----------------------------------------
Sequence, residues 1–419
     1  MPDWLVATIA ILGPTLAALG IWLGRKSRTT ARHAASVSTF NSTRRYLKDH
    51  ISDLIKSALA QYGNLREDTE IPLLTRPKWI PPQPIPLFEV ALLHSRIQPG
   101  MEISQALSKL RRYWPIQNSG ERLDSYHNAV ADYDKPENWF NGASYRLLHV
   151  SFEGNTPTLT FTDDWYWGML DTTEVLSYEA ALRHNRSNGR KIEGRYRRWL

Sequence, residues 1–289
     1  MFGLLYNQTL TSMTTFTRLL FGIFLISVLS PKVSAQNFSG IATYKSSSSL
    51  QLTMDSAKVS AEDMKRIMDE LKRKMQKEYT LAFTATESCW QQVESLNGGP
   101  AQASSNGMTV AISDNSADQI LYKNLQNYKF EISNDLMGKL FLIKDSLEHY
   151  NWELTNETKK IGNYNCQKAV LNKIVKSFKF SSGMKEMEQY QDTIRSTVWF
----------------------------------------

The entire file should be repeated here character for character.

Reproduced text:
Sequence, residues 1–419
     1  MPDWLVATIA ILGPTLAALG IWLGRKSRTT ARHAASVSTF NSTRRYLKDH
    51  ISDLIKSALA QYGNLREDTE IPLLTRPKWI PPQPIPLFEV ALLHSRIQPG
   101  MEISQALSKL RRYWPIQNSG ERLDSYHNAV ADYDKPENWF NGASYRLLHV
   151  SFEGNTPTLT FTDDWYWGML DTTEVLSYEA ALRHNRSNGR KIEGRYRRWL

Sequence, residues 1–289
     1  MFGLLYNQTL TSMTTFTRLL FGIFLISVLS PKVSAQNFSG IATYKSSSSL
    51  QLTMDSAKVS AEDMKRIMDE LKRKMQKEYT LAFTATESCW QQVESLNGGP
   101  AQASSNGMTV AISDNSADQI LYKNLQNYKF EISNDLMGKL FLIKDSLEHY
   151  NWELTNETKK IGNYNCQKAV LNKIVKSFKF SSGMKEMEQY QDTIRSTVWF